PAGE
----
Graham Potter is a very likeable chap and that came across swimmingly during his first appearance as Chelsea boss.
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Potter, 47, replaced Thomas Tuchel last week as his move from Brighton to Chelsea caused some shock but when you think about, this makes a lot of sense.
The English coach has worked wonders wherever he’s gone and from Ostersunds to Swansea to Brighton he’s improved teams on a shoestring budget while also producing a sensational product to watch.
Speaking to the media for the first time at a press conference at Stamford Bridge ahead of Chelsea’s UEFA Champions League group stage game against RB Salzburg on Wednesday, Potter smiled throughout and revealed this would actually be his first-ever Champions League game in the flesh.
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Potter reflects on journey to get to the Champions League
After having a journeyman career which amassed just a handful of Premier League appearances in the mid 1990s and saw him play mostly in the lower leagues in England, Graham Potter has worked tirelessly for the last 17 years to get this opportunity.
He spoke warmly about having a great feeling with his new bosses, and the connection he wants to build with Chelsea’s fans through their team. but he was also in a very reflective mood when asked about his route to one of the biggest jobs in world soccer.
“When I left England to go to Sweden I was working in the ninth tier of English football to go to the fourth tier of Swedish football,” Potter said. “So in terms of where I sat, there is the bottom, then there’s a load of levels and then there’s me. I didn’t have any plan that I was going to be here sat in front of you guys. I’ve never had that.
“In terms of ambition, of course you want to test yourself at the highest level you can. Ambition is one thing. Responsibility is better in terms of working as hard as you can in the job you are doing, do as best as you can and take the steps when it is the best times to take the steps. There was no grand plan. I just focused on doing my best at every club I’ve been at. Try to take responsibility, analyze any mistakes you make, try to move forward and then it’s just about life, isn’t it? Nobody can predict how it’s going to go. Nobody knows. That is why it is so beautiful.”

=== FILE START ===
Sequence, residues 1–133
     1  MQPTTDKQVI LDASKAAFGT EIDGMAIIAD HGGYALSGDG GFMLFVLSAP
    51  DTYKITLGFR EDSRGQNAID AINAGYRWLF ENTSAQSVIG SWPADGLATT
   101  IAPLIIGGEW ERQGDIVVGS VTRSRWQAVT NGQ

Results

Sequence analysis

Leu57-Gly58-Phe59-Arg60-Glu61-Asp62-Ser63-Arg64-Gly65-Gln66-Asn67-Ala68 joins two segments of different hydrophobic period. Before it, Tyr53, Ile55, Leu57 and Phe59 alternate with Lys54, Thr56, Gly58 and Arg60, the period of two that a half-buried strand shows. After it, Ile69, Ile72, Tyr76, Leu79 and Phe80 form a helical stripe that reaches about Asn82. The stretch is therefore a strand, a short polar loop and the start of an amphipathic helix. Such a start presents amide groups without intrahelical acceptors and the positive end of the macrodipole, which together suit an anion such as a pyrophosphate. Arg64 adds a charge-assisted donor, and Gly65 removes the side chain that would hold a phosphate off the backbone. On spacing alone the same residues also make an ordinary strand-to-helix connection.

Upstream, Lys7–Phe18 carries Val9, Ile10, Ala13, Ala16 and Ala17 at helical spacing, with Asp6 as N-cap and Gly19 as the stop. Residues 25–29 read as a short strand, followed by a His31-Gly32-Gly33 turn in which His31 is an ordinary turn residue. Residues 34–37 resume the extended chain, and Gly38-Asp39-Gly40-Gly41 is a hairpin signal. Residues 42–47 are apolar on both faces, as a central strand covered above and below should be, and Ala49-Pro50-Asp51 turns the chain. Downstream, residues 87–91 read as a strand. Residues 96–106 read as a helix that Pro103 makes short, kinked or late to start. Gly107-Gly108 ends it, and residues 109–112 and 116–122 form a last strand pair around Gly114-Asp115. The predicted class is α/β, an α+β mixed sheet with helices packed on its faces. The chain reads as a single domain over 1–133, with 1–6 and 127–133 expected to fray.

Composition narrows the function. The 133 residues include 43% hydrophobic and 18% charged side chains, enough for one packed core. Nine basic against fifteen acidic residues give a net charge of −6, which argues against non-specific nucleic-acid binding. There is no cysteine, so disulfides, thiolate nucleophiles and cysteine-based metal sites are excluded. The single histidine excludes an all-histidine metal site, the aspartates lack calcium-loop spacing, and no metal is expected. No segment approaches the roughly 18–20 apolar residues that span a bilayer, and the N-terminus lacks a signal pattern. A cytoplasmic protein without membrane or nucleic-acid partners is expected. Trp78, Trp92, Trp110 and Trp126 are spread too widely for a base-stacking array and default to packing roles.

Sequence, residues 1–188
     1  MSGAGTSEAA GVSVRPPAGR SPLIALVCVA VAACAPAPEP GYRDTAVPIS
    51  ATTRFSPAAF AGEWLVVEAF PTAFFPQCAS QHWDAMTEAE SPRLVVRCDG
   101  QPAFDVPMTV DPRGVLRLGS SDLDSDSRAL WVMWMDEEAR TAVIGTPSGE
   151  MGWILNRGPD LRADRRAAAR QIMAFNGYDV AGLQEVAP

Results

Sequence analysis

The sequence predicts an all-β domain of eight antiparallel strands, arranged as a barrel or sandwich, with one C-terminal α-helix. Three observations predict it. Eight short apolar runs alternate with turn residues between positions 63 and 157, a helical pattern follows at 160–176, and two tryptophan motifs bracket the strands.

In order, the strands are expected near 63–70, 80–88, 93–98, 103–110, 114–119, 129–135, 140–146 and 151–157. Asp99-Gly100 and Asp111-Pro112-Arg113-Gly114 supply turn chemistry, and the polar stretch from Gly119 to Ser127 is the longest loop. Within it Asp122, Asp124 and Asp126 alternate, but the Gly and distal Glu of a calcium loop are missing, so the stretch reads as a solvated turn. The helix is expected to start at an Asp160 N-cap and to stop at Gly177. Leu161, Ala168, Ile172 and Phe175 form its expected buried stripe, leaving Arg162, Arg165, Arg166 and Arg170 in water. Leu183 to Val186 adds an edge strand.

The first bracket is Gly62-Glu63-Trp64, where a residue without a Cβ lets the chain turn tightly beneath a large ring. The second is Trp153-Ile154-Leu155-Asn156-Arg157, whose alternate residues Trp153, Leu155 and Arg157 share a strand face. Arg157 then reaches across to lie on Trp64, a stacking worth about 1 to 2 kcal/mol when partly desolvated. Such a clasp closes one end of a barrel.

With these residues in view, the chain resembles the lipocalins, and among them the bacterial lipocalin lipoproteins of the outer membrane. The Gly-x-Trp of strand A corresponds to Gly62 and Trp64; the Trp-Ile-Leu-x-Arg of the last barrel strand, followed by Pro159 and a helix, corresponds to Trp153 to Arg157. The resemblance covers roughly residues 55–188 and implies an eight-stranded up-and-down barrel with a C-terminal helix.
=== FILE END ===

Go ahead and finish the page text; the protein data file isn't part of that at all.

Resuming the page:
Many will see Graham Potter joining Chelsea as a risky move in his life.
New American co-owner, and chairman, Todd Boehly fired Thomas Tuchel — widely regarded as one of the best tacticians in the game who led Chelsea to the Champions League title just over 12 months ago — after a poor start to the season and has overseen a summer transfer spend of $300 million.
It seems like Chelsea’s new ownership group will follow its predecessor when it comes to the hire ’em and fire ’em mentality to get results.
Doesn’t it seem risky for Potter to get involved in that cycle?
“Risks? If we walk up the road over there, there is a risk. That is what life is. No one knows what is going to happen in the future,” Potter said. “I left England when I was 30 years old and I went to a club that had sacked the manager every year for the last five years. Fourth tier in Swedish football, I left a secure job, left my wife’s business for an opportunity. Seventeen years later, after taking careful steps with my career, I haven’t just jumped at the first opportunity. I’ve tried to understand what was involved, whether it was the right time for me to take the next challenge.
“But I think that’s what life is. Life is about going outside of your comfort zone. Taking responsibility. It’s about believing there is more to us than what sits here now. I don’t really see it as a risk in a negative way. Everything is a bit unknown. That is the beauty of life.”
Philosophical Potter impresses during Chelsea unveiling originally appeared on NBCSports.com